Many of us know what Irritable Bowel Syndrome is, but I had no idea that IBS can be influenced in such a way by stress and anxiety. Edward Blanchard, PhD, professor of psychology at the State University of New York at Albany said that “about 60% of IBS patients will meet the criteria for one or more psychiatric disorders”.
We all have problems. Different things cause stress for different people. Stress can include:
- Financial problems
- Problems at work
- A sense that things are beyond your control
- Problems at home
What you can do to prevent stress is:
- Try behavioral therapy. Learn how to calm yourself down with the help of techniques such as biofeedback, hypnotherapy, relaxation therapy, cognitive behavioral therapy, and psychotherapy.
- Practice healthy living. Eat a well-balanced diet that is appropriate for your IBS. Get regular exercise and enough sleep. Don’t forget about the 8 hours of sleeping.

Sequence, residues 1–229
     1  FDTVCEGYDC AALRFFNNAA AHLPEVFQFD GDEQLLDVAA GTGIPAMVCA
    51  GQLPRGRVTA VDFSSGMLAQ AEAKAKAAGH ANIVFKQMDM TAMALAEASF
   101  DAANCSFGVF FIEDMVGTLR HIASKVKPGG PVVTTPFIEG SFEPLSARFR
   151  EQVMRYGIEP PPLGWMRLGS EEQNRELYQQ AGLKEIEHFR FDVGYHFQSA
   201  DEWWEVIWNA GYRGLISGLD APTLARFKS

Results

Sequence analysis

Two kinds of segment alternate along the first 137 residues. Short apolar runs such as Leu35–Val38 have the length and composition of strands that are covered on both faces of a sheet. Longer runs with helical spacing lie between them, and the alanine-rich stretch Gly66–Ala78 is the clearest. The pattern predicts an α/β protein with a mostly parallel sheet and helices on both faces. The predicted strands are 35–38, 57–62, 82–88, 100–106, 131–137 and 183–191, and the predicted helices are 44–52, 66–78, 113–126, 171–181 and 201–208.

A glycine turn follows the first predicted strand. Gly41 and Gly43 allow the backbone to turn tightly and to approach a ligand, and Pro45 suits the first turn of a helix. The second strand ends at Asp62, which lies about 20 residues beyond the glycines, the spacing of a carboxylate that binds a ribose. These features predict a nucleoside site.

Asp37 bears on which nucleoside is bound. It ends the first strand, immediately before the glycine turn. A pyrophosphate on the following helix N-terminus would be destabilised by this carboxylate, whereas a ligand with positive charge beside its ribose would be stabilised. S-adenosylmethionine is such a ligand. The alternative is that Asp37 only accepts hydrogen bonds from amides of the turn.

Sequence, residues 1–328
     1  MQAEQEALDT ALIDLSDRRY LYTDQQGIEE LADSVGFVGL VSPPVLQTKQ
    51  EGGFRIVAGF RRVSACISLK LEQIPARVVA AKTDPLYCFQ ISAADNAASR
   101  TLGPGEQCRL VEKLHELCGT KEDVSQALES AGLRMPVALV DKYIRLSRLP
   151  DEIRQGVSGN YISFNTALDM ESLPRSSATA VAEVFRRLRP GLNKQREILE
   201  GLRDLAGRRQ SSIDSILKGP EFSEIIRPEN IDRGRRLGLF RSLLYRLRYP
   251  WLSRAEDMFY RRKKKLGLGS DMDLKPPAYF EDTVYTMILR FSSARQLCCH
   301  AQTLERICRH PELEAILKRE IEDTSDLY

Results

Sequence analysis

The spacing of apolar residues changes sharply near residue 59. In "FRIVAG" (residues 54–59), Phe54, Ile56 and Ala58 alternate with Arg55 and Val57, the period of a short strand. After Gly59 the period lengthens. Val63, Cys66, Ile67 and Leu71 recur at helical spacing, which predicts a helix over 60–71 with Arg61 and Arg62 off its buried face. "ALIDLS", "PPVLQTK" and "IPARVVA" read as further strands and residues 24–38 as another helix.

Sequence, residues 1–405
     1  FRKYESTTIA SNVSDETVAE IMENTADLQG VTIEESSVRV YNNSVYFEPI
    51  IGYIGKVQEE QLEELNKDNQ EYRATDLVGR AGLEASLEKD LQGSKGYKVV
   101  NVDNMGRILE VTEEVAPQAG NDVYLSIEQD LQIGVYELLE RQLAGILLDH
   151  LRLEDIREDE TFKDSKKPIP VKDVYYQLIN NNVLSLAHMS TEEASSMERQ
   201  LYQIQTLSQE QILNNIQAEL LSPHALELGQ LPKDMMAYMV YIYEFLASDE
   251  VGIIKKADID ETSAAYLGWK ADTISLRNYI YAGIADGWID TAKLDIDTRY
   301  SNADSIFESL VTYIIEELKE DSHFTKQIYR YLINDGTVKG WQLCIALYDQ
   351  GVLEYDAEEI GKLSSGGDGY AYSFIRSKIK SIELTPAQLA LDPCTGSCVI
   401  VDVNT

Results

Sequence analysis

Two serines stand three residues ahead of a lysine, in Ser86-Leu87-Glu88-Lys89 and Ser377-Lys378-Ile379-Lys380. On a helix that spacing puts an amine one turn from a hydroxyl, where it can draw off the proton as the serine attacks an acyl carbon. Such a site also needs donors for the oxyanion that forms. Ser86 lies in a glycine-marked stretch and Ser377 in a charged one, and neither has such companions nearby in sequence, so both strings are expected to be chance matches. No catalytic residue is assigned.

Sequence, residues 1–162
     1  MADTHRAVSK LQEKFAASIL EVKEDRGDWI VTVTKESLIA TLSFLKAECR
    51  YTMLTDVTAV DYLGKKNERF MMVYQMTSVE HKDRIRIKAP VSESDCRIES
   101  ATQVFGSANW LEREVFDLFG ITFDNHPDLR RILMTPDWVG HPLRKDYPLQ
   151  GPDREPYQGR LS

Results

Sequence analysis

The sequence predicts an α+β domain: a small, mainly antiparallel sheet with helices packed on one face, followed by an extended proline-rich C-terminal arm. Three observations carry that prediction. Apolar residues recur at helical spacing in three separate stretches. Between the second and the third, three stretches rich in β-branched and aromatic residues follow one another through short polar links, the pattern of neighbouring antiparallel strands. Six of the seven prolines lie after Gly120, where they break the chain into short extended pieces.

- Do something fun. Listen to music, read, shop, or take a walk, depending on what do you like more.
- Talk to people. If you feel comfortable doing so, tell your family members, close friends, boss, and co-workers about your IBS. They may provide vital support. Plus, the conversation may prevent any misunderstandings when your symptoms flare up and you are not able to meet expectations.
- Plan ahead. Ease worries about your symptoms flaring up when going out. Get up earlier if you know IBS makes you late for work. If you are driving, map your route so that you know locations of bathrooms. At social events, choose aisle seats close to the facilities. Know what’s on the menu so you can eat beforehand if the food will not be agreeable to you.